• Use named columns to illustrate where each item is in the workflow.
Split your work into a list of small, concrete deliverables. Sort the list by priority and estimate the relative effort of each item.
Split time into short fixed-length iterations with potentially shippable code demonstrated after each iteration.
Optimize the release plan and update priorities in collaboration with the customer, based on insights gained by inspecting the release after each iteration.Limit Work in Progress (WIP) - assign explicit limits to how many items may be in progess at each workflow state.
Optimize the process by having a retrospective after each iteration.Measure the lead time (average time to complete one item), optimize the process to make lead time as small and predictable as possible.

3. Differences
To emphasize the differences between the two tools a bit more the following table shows some aspects that are prescribed or optional in the tools.

Timeboxed iterations prescribed.Timeboxed iterations optional. Can have separate cadences for planning, release, and process improvement. Can be eventdriven instead of timeboxed.
Team commits to a specific amount of work for each iteration.Commitment optional.
Uses Velocity as default metric for planning and process improvement.Uses Lead Time as default metric for planning and process improvement.
Cross-functional teams prescribed.Cross-functional teams optional. Specialist teams allowed.
Items must be broken down so they can be completed within 1 sprint.No particular item size is prescribed.
Burndown chart prescribed.No particular type of diagram is prescribed.
WIP limited indirectly (per sprint)WIP limited directly (per workflow state)
Estimation prescribedEstimation optional
Cannot add items to ongoing iteration.Can add new items whenever capacity is available.
A sprint backlog is owned by one specific teamA Kanban board may be shared by multiple teams or individuals
Prescribes 3 rolesDoesn't prescribe any roles
A Scrum board is reset between each sprintA Kanban board is persistent
Prescribes a prioritized product backlogPriority setting is optional

As you can see, the two methodologies have basic similarities, but they are very different when you look at the the details. Those details become more clearly if you look at a less trivial example, that’s why we want to do exactly that.

A less Trivial Example

The following example represents a project that is less trivial than the one in the second part of this series. There is a product backlog containing several tasks and a production process that consists of several steps.

  • In case of Scrum the team is in the first sprint, which consists of the tasks A, B, C, D, E and F. A is already done, B to E are at the moment in progress and F is still to do. During the upcoming sprints the team will commit to the tasks G to N.
  • The Kanban board consists of the backlog from which maximal 2 tasks can be selected for priorization. The development section allows max. 3 tasks at once (tasks from both columns – ongoing and done – count). After the development the features need to be tested and after that they will be in the production environment and are thereby done. You can see that the board represents the different states of the production process.

The Scrum board will be reset after each sprint, whereas the Kanban board is persistent.
After a few Scrum sprints or simply after some time the two boards could look like this:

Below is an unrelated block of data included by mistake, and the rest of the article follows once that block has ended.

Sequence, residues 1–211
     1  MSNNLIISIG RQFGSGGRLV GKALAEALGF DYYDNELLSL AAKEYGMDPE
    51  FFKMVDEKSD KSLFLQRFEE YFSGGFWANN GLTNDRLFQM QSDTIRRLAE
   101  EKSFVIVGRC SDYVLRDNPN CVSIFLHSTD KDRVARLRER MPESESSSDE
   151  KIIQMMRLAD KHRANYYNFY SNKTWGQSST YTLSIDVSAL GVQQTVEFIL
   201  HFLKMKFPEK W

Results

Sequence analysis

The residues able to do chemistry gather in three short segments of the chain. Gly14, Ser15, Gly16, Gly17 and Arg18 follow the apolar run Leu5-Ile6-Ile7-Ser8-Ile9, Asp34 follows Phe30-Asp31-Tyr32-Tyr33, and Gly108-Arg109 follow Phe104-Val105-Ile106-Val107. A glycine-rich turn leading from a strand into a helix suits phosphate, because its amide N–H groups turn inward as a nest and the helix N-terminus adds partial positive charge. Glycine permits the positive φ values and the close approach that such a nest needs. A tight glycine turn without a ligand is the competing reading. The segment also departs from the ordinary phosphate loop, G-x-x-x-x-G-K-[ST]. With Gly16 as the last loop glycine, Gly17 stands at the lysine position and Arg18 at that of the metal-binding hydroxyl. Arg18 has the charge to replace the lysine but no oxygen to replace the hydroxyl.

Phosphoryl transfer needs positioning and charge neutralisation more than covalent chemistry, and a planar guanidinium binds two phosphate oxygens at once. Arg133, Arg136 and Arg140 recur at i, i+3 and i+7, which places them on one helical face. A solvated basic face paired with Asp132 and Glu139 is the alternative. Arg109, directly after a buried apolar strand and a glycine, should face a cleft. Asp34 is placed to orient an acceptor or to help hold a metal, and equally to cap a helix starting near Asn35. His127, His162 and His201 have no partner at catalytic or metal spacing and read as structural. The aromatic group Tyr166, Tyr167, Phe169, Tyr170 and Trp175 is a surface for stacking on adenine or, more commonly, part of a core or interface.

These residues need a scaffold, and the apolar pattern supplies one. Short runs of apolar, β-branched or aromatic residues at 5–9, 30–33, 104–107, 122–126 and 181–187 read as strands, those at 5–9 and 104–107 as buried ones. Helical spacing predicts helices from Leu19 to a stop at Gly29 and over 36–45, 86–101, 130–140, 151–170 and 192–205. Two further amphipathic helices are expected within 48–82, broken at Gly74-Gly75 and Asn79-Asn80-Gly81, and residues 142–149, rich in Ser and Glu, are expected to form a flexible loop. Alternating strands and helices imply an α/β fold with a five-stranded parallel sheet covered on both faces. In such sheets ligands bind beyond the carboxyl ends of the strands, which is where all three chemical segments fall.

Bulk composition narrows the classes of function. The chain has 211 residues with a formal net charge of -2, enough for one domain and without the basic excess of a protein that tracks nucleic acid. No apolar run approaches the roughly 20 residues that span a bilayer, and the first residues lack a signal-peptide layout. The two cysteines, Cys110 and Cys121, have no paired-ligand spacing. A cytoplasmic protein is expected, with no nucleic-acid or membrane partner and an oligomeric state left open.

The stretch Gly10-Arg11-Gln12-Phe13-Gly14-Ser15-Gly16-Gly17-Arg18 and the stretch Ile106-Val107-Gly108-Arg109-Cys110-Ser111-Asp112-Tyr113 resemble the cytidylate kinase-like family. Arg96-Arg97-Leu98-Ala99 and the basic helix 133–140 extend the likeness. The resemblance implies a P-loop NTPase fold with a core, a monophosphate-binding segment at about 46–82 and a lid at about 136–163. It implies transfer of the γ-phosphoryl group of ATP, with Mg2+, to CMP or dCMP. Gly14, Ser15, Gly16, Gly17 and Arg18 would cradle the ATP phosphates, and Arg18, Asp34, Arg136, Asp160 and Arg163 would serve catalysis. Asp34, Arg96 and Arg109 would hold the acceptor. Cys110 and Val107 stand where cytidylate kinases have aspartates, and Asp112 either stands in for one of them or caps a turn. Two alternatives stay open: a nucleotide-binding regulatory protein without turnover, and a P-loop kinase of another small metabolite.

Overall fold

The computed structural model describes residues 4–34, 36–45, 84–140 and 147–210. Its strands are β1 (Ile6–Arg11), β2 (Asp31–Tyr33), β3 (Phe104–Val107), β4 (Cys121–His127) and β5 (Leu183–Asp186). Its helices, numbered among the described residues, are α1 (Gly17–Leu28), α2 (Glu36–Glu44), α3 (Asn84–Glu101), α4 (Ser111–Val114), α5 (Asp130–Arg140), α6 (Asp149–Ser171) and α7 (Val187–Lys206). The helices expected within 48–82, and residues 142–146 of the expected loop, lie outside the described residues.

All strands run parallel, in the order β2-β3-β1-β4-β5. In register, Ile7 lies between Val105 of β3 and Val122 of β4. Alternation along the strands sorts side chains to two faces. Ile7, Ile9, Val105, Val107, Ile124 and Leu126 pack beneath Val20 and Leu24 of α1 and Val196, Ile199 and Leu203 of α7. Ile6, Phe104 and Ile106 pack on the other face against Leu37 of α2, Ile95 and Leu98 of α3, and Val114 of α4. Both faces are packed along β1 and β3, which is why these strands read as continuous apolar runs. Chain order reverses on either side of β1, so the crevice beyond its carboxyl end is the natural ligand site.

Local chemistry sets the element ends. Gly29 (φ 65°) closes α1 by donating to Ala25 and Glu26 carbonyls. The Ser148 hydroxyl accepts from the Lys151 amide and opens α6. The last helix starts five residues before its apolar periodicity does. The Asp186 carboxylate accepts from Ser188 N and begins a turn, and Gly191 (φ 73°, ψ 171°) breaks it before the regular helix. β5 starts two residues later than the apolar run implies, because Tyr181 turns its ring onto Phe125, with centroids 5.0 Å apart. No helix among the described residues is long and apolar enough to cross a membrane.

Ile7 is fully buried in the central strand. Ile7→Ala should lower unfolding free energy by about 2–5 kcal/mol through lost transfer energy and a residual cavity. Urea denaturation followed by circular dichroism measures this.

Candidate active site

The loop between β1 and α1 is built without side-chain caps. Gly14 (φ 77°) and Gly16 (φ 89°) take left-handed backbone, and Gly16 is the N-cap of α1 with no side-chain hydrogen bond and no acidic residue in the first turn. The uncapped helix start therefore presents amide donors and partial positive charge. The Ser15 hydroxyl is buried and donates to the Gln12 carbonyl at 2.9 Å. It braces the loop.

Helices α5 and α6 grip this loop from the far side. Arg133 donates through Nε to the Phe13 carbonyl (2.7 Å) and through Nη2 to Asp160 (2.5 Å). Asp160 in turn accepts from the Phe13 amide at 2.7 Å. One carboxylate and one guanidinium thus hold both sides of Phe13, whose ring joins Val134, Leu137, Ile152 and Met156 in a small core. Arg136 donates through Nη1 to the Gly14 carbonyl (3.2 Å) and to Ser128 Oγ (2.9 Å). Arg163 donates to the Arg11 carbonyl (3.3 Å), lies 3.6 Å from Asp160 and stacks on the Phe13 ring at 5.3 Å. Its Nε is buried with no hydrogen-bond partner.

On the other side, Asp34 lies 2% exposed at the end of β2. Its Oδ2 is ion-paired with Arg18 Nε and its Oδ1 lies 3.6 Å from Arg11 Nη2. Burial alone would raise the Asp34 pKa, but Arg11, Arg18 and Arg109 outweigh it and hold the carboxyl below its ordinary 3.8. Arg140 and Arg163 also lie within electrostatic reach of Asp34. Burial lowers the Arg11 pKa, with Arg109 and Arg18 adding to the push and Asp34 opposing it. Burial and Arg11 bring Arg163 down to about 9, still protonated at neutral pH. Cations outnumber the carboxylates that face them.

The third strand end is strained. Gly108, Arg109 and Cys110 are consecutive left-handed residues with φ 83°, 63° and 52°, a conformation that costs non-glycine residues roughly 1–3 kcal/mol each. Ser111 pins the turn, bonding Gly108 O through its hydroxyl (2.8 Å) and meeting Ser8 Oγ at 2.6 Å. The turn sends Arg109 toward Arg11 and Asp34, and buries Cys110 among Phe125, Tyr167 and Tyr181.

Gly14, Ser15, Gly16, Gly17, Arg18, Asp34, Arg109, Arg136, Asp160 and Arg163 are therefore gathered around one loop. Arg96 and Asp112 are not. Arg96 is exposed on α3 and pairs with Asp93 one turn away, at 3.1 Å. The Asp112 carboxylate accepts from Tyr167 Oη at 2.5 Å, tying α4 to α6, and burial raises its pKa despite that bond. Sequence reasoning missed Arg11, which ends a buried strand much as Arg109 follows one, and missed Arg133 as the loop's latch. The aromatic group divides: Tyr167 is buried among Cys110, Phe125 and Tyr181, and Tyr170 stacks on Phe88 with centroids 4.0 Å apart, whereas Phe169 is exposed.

Note: For Kanban it is not necessary that there is a maximal amount of tasks for each column.
The Kanban board, which contains more columns than the Scrum board, can help to optimize the process steps, because it is necessary to think about them in order to draw the board. It can also be very helpful to optimize the amount of allowed cards per column, because this can reveal bottle necks. The Scrum board and the partition of tasks into sprints helps to organize tasks and to think about reasonable packages. But remember, it is always possible to combine aspects of different methodologies and tools to find the board, rules and tools that fit your project best.

Other Agile Tools and Methodologies

Besides the two tools Scrum and Kanban there is a huge number of other agile tools and methodologies that serve as an inspiration for you. The more you read about them, the more you will see that they are based on the same principles (which are stated in the agile manifesto) and that some use the same approaches and methods. Here is a short list of some wide spread approaches that you could take a look into.

  • Extream Programming (XP)
  • Lean Software Development
  • Feature Driven Development (FDD)
  • Crystal Family
  • Test Driven Development (TDD)


A Kanban board represents the workflow of a project whereas a Scrum board always consists of the same columns. Another big difference is that it is possible to limit the number of cards in certain columns when using Kanban while Scrum limits the WIP by restricting the number of cards in the Sprint Backlog.
Besides the two methodologies that were presented here there are numerous other agile approaches. Some of them are based on Scrum or Kanban. A very widespread approach is a combination of Extream Programming and Scrum, because both supplement each other very well. It’s up to you to find the methodologies, tools and rules that you want to use to accomplish the aims of your projects. Since there is no “one fits all” for all projects you have to experiment and try variations.

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  1. Great article!!! You have clearly described the fundamental differences between Scrum and Kanban. Clearly, choosing between Scrum and Kanban depends on certain factors. One of the criteria for selecting an agile tool in terms of Kanban or Scrum can be the time required. One of these methodology works well when there is a shortage of time in terms of deadlines; the other one works well in situations where more time is required to carry out tasks when a diminutive iteration cannot satisfy the work. I read this from an article that explained how much alike and different Scrum and Kanban are –

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Daniel Huchthausen
When he is not exploring the wilderness, Daniel keeps himself busy with topics such as quality assurance, testing and PM methods.